As for the Texan; third quarter financial results showed consistent growth across the major metrics. A 7.6% increase in revenue, led the total RevPAR growth to $222.28. Strong Banquet spending and a 20% increase in average banquet checks, drove the 7.6% increase in total RevPAR. Additionally, CCF increased 20.4% to $12.9 million with CCF margins reaching 27.5%, a 290-basis point increase over last year.

And now moving to the National; the property continues to make progress and already has established a solid reputation within the meetings in convention industry. Revenue for the quarter was $55.7 million and RevPAR and total RevPAR were $125.80 and $303.34 respectively. CCFs are below expectations at $10.7 million, while we were able to achieve a solid CCF margin of 19.2%. Lower than anticipated transient room night sales and lower group and transient ADR drove the shortfall. We continue to refine our transient strategy at the National, and expect to continue the make progress in this area in 2009.

Due to the weakened transient sales, particularly as we move into the fourth quarter as well as lower short-term local social catering activities in the fourth quarter, we're reducing our 2008 full-year guidance for CCF at the National from $45 million to $55 million to approximately $34 million to $37 million. That having then said, we remain confident that the National will perform to our expectations in 2009 and we will continue to gain positive momentum in stabilizing 2010.

In fact, as of the end of October, the National had already booked 58.7 points of occupancy for 2009, and net room night bookings continued to be solid. By comparison, as of this time last year, we had about 46.5 points of occupancy on the books. So, sitting here today, we're sitting here with almost 13 more points of occupancy already on the books for the National of 2009 than we had for 2008.

Given the positive reviews and popularity of this property with our guests, we expect group business to be especially strong, as word of mouth continues to spread through our network of planners and across the meetings industry. While penetrating the local and regional transient market has been slower than we initially anticipated, we're optimistic about our success we gave for National in 2009 based on the scheduled completion of National Harbor and our ongoing efforts to make headway in the transient markets. We currently anticipate CCF at the property of $65 million to $75 million next year.

During this earnings season, clearly everyone is eagerly awaiting each company's outlook for 2009. And as you know, our group-focus model is unique and we've closely examined several trends driven by the current economic climate in calculating our forecast for same-store metrics in '09. After carefully reviewing the 57 points of occupancy, we currently have booked for '09 at our three same-store hotels and after accounting for higher cancellation and attrition rates that we are experiencing in 2008, that we expect will continue through 2009. We expect same-store RevPAR growth to be in the range of a negative 3% to flat and total RevPAR to be negative 2% to flat.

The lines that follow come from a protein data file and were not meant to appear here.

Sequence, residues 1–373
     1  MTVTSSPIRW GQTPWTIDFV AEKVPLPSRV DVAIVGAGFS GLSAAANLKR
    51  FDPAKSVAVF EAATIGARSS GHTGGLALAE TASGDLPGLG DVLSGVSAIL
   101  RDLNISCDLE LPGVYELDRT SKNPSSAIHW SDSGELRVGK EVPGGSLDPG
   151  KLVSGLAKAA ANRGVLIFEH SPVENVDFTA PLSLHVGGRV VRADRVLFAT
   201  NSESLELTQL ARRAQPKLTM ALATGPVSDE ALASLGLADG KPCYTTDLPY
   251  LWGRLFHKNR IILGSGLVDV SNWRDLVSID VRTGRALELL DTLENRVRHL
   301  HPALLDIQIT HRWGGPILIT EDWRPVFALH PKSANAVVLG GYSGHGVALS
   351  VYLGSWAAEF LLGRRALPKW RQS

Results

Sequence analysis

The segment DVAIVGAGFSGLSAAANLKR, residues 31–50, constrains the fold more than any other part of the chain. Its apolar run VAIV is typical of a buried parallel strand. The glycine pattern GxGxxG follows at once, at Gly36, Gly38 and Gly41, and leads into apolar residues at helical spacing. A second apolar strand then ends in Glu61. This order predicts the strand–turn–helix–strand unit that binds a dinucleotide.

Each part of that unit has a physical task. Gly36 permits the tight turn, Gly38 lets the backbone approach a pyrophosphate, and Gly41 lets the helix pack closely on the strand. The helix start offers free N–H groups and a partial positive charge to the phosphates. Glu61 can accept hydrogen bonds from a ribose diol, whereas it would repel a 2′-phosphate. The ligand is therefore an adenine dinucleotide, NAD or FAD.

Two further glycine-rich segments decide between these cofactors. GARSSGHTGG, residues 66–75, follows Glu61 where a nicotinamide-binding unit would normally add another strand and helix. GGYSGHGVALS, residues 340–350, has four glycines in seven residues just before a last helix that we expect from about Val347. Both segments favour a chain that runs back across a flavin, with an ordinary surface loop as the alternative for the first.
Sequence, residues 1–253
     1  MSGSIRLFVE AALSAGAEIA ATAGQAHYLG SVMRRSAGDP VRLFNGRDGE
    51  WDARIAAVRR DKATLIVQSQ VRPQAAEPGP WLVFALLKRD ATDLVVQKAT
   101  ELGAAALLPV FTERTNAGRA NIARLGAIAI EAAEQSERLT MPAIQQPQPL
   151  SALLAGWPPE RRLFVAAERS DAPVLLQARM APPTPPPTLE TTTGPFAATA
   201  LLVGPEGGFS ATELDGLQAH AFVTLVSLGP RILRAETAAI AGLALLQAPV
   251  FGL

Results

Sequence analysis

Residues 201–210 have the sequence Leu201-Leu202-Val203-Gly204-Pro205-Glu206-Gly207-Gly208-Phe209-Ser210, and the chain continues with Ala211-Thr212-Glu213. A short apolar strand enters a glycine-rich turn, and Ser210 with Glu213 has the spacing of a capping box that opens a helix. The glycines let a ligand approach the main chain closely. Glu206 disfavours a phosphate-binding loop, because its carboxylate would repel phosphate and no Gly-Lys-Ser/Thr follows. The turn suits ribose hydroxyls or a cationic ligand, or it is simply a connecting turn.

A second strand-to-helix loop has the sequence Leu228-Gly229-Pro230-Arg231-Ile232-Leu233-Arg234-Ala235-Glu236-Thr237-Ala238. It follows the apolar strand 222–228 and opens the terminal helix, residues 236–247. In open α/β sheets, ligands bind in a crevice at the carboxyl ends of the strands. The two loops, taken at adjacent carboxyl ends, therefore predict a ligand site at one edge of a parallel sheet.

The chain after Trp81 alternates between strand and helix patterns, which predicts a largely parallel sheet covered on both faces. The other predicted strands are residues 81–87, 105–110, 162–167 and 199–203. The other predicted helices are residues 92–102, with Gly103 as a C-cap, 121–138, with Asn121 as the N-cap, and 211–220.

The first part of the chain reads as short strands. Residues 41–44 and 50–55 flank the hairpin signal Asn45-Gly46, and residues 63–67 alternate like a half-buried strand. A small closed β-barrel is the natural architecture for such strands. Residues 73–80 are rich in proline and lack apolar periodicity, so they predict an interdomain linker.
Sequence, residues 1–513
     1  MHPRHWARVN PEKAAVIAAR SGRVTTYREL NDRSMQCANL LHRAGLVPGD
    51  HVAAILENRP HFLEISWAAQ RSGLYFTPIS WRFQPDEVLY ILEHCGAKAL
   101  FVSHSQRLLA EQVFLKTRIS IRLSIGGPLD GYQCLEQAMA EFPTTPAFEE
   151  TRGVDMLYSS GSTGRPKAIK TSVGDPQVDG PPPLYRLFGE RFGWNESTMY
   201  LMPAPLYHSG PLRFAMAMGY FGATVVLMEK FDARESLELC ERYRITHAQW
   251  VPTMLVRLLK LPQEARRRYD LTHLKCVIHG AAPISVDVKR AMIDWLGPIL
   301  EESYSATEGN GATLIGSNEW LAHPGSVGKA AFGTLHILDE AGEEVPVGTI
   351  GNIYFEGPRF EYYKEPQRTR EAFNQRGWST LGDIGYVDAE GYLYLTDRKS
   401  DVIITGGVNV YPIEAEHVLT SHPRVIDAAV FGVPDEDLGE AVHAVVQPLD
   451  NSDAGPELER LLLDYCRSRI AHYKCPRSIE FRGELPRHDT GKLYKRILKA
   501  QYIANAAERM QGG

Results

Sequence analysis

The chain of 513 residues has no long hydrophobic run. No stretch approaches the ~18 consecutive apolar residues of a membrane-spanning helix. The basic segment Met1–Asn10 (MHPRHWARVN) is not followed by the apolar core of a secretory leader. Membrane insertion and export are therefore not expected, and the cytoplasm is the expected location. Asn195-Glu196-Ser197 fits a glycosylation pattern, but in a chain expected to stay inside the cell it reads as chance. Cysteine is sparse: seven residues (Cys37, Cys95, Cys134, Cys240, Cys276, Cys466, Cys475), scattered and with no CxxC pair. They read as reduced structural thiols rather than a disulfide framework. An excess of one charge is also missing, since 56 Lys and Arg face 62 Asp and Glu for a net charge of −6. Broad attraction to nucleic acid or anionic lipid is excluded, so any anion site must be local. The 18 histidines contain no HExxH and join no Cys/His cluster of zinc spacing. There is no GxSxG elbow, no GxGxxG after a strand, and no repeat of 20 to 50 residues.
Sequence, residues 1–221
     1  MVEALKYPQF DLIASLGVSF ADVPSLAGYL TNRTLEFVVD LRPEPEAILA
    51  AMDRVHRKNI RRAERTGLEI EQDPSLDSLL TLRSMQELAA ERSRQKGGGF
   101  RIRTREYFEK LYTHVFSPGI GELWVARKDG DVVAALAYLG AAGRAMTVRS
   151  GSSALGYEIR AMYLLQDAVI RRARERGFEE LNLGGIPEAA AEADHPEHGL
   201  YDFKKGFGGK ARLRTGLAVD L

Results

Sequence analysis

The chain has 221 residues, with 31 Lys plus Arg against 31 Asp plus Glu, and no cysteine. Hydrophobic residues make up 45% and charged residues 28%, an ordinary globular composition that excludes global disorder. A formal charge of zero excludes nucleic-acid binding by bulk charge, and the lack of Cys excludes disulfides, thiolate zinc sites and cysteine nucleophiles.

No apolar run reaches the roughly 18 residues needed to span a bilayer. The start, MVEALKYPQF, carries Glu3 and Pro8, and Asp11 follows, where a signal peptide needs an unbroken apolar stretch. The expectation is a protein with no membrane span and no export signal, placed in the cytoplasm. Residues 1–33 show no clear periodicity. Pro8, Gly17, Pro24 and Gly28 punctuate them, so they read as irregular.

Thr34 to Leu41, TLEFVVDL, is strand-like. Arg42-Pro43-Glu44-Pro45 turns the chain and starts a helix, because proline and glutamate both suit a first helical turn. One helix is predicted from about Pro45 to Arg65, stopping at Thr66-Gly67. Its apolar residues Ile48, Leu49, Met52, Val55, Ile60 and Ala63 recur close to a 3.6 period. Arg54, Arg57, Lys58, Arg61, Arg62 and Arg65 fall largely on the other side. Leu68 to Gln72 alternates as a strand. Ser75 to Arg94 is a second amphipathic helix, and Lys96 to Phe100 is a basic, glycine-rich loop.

Same-store CCF, we expect to come in at $185 million to $197 million. Now, so many of you have been listening closely to the results and expectations of other hospitality companies recently and you'll notice the contrast that represents with the industry consensus for RevPAR contraction in excess of 5% in most North American upper-upscale hotels.

The stability of the Gaylord model is further highlighted when you hear others discussing recent transient demand, while group business continues to be resilient across other hospitality brands. While Gaylord is not impervious to the downturn in both the broader economy and the hospitality industry, we remain optimistic that 2009 will prove to be another successful year for the Gaylord hotels.

And with that said, I'll turn the call back over to Colin.

Colin V. Reed - Chairman President and Chief Executive Officer

Okay David, thank you. Lot of information there to digest. Christie we will now open up the phone lines for questions. Thank you.

Question And Answer

Operator

Thank you. [Operator Instructions]. And your first question comes from the line of Chris Woronka with Deutsche Bank.

Chris Woronka - Deutsche Bank

Hey good morning guys. Can you just give a little more color on kind of what happened to National during the quarter in terms of your expectations relative to back in July and maybe just kind of frame for us how much of that business is transient. And then on the margins side, if you can maybe delineate a little bit from there as to what comes from transient versus your groups and then, if you still have confidence that you ultimately kind of get that high 20% to 30% stabilized margin there? Thanks.

David C. Kloeppel - Executive Vice President and Chief Financial Officer

Chris its Dave. When we came into the year and set expectations, we anticipated forward transient occupancy there than we had... then we see in our other three hotels. The summer time is a transient, it's the time when transient is more prominent at all of our hotels and we expected that to occur at the National as well. At that time, the developer was supposed to have completed National Harbor by the beginning of April when we opened, which didn't occur until actually just a couple of weeks ago and we'd also, when we took guidance at the end of last year didn't certainly anticipate the kind of economy we were going into in the summer of this year.